Briefly, since plants rely on water uptake for growth, one of the first the observable effects of high salinity conditions on most plants is the inhibition or even cessation of growth.

Although less sensitive to water stress than plant growth, both protein synthesis and photosynthesis are also inhibited by plant water stress caused by saline environments.

The Toxic Effects of Too Much Salt

In addition to the osmotic effects on plants, the second problem when most plants are exposed to high salinity conditions (e.g., saline soils) is that sodium, and certain other ions, are toxic to plants when their concentrations are relatively high.

Despite the semipermeable membranes, under high salinity conditions, sodium chloride and other dissolved salts can leak into the cells.

Under normal conditions, the cytoplasm of plant cells typically contains a lot more (10x to 50x) potassium ions (K+) than sodium ions.

Abnormally high amounts of Na+ and high concentrations of total salts can inactivate some enzymes and inhibit protein synthesis.

At a high concentration, Na+ may displace calcium ions (Ca++) from the cell membranes, causing them to become “leaky”, that is, to lose their semipermeable nature. This can have disastrous, even lethal, effects on plant cells. Photosynthesis is also inhibited when high concentrations of Na+ and/or Cl accumulate in chloroplasts.

These are just a few of the harmful effects that salt can have on plants. Although most plants, and virtually all crop plants, are sensitive to high levels of salt, there are some plants called halophytes that grow in water of high salinity, even seawater. How do they do it?

We’ll see how such plants “work” next time.

References

1. Zhu, J.-K. (2007) “Plant Salt Stress.” (PDF)

2. Bray, E. A. (1997) “Plant responses to water deficit.” Trends in Plant Science, Vol. 2, pp. 48-54. (PDF)

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7 Responses to “How Salt Stresses Plants (Or Not)”

  1. georgia nolan says:

    In my science class we put an egg in water and added A LOT of salt. after the weekend we looked at the cell, and it grew from 80.8 to 87.4. Everyone in my class is wondering why/how it grew, and I was hoping you could provide an explanation.

    • plantguy says:

      Hmmm……
      I’m not sure that I understand your question.
      Was it a raw egg? What is the “cell”? You say “it grew from 80.8 to 87.4” Is this size (diameter), weight, or ? (Pro tip: Always assign units of measure to numerical values such as these.)
      My wild guess is that the “cell” had a lower water concentration than even the salty water, so water passively diffused into the “cell”, causing it to expand or “grow”.

  2. Grant says:

    How is it that water from the Salton Sea is being used for irrigation, since it has nearly a 50% higher salt content than the ocean?

    • plantguy says:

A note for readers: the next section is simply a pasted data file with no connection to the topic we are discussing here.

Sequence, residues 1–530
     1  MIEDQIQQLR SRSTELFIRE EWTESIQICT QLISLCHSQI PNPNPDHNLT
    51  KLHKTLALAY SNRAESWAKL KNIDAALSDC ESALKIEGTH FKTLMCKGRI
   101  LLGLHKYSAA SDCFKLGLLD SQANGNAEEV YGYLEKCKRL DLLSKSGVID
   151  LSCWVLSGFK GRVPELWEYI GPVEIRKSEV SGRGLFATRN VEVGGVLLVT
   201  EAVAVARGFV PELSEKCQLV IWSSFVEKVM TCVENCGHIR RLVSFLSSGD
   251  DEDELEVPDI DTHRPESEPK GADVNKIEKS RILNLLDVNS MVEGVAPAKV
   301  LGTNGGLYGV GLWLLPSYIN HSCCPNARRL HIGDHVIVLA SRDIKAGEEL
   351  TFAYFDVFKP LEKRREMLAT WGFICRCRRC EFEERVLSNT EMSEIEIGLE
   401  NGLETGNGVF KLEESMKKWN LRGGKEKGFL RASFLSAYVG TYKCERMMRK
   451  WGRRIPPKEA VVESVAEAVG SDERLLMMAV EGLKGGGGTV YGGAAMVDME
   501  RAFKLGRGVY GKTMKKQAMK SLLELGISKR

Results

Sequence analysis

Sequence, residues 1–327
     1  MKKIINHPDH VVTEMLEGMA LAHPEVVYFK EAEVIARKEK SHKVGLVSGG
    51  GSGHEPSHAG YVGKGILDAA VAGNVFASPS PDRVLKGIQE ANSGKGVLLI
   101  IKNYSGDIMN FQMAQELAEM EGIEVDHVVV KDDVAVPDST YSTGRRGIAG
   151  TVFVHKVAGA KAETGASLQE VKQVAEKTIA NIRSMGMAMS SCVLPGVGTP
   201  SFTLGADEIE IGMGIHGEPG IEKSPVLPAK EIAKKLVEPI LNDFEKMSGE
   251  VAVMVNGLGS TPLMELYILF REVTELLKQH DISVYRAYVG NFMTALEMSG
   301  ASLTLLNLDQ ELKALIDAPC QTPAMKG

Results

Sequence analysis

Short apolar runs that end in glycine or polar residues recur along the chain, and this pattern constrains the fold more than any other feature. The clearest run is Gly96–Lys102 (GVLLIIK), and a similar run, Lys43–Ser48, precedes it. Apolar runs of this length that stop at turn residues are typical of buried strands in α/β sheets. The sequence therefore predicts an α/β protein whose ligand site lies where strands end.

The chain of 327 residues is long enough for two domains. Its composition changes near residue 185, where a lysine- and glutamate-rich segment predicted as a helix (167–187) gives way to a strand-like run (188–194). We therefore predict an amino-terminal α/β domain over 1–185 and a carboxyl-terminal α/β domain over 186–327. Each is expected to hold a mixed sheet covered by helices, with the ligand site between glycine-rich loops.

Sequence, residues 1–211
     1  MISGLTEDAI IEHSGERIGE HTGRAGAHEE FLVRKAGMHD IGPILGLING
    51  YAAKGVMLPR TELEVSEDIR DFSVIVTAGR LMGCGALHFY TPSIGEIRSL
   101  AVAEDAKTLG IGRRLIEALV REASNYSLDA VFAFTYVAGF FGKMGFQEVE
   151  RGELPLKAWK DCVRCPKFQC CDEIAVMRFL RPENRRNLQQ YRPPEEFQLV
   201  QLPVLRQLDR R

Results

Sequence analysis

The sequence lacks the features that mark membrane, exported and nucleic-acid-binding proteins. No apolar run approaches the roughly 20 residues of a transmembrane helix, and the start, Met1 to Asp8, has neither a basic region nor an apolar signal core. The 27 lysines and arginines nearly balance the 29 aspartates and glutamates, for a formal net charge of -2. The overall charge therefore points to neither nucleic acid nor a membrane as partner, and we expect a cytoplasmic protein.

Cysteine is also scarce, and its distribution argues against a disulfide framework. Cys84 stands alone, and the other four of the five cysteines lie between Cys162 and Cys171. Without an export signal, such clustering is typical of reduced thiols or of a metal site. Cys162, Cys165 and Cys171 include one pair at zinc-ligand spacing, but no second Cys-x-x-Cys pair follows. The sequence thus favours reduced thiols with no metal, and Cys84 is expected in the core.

Salton Sea water is indeed too salty for irrigation.
      The crops growing adjacent to the Salton Sea have been irrigated for decades with water from the Colorado River.
      Actually, this is why the Salton Sea still exists. Without irrigation-water runoff from these fields of crops, the Salton Sea would likely have completely dried up years ago.
      Thanks for your comment. (BTW, I used to live in San Diego.)

      • Grant says:

        Thanks for your reply and information. Why does it appear from satilite pics that canals carrying water to the crops in the Imperial and Coachella Valleys are connected directly to the Salton Sea? I was reading an article written by Sue McClurg with the San Diego State University extension office, and the article discusses all the agricultural benefits of the irrigation from the Salton Sea. Considering the Sae’s high salinity level, I am confused.

      • Grant says:

        Thanks for your reply and information. Why does it appear from satilite pics that canals carrying water to the crops in the Imperial and Coachella Valleys are connected directly to the Salton Sea? I was reading an article written by Sue McClurg with the San Diego State University extension office, and the article discusses all the agricultural benefits of the irrigation from the Salton Sea. Considering the Sea’s high salinity level, I am confused.

        • plantguy says:

          No need for confusion, because there is no way Salton Sea water is being used for irrigation. (If so, then people would be irrigating crops with seawater.)
          Read McClurg’s article more carefully and I think you’ll discover that she means that the Salton Sea is of economic importance to irrigation because it serves as sort of large drainage pool. This allows farmers to flush their fields with Colorado River water so as to prevent salt build-up in the soil. The canals carry this drainage water from the fields to the Salton Sea.